We tell ourselves that Carroll’s words are “nonsense,” (yet we would do well to remember that this nonsense was written by a logician and mathematician with a quick wit; and in that, this nonsense has a logic all its own.) Carroll’s setting may be weird and wonderful, but there is logic within the illogical — a certain sense to the ‘nonsense’ and a cleverness always.
Most importantly, we know each of us what it is like to be Alice and to be without direction, simply aiming for beauty. Some people, some things even, will set us quite literally on the wrong path, or going about in circles. Just as Alice learns from the Red Queen in Through the Looking Glass we as adults know that sometimes we have to run very fast indeed just to stay in the same place.
That the Alice books are not “happy” books may not be the popular stance, it has been somewhere in the back of our mind since Carroll’s death in 1898. As Donald Rackin notes in the book Soaring with the Dodo, love and nonsense are essentially incompatible, althought it is arguable that love is nonsense. There is no Garden of Eden. There is no Wonderland. Carroll’s original title: Alice’s Adventures Underground was perhaps more apt. Love is more akin to the dark wood in which we, like Alice, often find ourselves lost, melancholy, and wholly alone. In short, we lose ourselves in love, and this is not a good thing.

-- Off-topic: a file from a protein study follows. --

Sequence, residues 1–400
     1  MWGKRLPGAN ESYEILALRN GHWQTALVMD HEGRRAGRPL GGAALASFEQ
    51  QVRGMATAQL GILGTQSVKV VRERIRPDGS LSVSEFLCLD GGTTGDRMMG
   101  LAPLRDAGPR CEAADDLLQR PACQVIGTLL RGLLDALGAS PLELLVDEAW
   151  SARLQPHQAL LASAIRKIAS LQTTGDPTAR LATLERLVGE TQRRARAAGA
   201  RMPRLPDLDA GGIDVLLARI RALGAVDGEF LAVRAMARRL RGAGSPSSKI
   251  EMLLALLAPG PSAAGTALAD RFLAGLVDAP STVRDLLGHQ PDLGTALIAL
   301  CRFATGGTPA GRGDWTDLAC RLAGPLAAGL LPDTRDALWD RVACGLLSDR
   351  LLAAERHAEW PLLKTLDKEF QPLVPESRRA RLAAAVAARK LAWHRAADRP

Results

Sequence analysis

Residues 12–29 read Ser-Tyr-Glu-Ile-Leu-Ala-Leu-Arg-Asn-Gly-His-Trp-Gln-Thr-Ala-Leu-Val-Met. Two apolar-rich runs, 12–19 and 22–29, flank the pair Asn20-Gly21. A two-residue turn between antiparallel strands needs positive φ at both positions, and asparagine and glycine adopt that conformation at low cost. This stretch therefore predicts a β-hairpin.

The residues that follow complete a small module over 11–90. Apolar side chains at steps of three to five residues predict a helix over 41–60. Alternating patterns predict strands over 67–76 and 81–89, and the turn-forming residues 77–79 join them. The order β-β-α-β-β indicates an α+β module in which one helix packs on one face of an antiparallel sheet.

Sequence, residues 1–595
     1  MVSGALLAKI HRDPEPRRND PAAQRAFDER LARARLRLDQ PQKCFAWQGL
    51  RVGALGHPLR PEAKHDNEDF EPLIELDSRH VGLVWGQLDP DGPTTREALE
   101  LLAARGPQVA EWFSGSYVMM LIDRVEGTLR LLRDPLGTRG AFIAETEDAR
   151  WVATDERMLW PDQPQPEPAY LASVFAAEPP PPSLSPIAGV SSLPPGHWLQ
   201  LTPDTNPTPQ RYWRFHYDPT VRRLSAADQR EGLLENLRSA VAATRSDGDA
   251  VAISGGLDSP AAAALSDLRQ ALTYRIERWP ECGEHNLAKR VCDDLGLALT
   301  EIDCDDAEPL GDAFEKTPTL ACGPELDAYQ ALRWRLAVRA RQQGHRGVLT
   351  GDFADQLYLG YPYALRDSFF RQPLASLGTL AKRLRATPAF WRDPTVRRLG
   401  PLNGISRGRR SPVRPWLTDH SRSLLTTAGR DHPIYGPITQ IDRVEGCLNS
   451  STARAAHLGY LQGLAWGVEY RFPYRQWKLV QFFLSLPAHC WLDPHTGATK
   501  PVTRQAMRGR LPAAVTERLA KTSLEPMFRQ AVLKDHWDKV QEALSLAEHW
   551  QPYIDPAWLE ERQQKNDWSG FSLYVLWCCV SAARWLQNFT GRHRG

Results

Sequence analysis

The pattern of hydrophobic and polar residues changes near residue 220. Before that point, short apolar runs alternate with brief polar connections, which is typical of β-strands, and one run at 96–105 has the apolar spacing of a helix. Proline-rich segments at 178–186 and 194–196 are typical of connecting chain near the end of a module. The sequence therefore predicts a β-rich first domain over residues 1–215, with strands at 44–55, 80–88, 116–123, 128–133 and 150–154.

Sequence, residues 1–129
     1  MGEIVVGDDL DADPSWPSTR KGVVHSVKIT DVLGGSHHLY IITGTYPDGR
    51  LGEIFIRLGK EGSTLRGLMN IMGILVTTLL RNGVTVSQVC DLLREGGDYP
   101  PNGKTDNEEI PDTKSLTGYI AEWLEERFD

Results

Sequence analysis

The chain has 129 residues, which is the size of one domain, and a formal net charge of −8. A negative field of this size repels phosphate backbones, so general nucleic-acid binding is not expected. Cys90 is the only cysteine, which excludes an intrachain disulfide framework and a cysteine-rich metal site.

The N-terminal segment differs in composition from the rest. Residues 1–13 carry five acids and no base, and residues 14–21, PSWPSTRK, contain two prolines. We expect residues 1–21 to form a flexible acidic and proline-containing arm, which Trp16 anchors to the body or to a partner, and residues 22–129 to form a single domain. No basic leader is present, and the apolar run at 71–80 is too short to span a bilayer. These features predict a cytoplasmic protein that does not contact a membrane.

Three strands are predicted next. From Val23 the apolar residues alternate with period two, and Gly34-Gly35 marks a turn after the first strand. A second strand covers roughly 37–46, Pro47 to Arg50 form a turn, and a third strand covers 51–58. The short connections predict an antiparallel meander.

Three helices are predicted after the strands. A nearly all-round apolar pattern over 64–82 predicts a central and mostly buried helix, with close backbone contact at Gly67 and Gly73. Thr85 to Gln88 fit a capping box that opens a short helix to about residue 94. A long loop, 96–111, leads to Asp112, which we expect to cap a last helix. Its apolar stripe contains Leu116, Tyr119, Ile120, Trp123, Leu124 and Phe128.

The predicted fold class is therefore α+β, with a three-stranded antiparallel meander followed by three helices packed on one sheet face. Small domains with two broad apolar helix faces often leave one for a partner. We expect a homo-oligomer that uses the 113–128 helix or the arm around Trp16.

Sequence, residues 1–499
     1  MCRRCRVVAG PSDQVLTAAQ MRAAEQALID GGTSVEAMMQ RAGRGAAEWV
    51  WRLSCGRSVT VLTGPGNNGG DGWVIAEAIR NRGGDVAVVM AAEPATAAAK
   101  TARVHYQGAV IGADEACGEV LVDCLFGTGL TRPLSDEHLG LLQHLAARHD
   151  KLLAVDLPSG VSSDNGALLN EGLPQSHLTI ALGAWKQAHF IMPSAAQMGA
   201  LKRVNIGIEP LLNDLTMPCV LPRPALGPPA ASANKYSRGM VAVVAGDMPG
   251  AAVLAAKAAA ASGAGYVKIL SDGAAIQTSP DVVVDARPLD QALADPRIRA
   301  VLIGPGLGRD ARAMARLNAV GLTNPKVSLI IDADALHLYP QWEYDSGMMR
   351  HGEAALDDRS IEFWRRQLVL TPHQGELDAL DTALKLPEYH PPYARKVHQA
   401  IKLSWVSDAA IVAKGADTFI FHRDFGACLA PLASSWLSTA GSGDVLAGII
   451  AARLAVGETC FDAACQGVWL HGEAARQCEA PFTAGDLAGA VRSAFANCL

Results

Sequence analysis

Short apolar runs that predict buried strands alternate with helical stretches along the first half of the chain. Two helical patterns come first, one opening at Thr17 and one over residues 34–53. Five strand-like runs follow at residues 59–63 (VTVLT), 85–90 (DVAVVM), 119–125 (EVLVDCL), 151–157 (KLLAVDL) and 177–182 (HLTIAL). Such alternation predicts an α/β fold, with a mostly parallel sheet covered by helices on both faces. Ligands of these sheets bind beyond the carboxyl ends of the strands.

Love may begin as a garden of beautiful flowers (who don’t talk back), but it soon becomes a journey in a garden of snappish flowers and foliage with plenty to say, as in Through the Looking Glass, and a journey through a giant game, in Alice’s case it is chess, out of which we must emerge without losing our singular identity.
As for Alice, as a child, looking for a child’s love and reassurance, it is not to be found. She is utterly alone — these “magical places” are more akin to Dostoevsky’s Underground Man. Love may indeed make the world go round, but it is not what saves Alice when all is said and done. The moral, if there is to be one (and Carroll, I think, wrote without intending any moral tag to his work in this case, or if he did, here, the moral is mixed. There is a magical Wonderland indeed, but the question, Can we occupy it in any “happy” way?). The moral then is that we must ultimately not only rely on ourselves, but also save ourselves and through this process, we live and we learn and we pass into the realm of adulthood where we know that the stuff of fairytales is but a pretty fiction.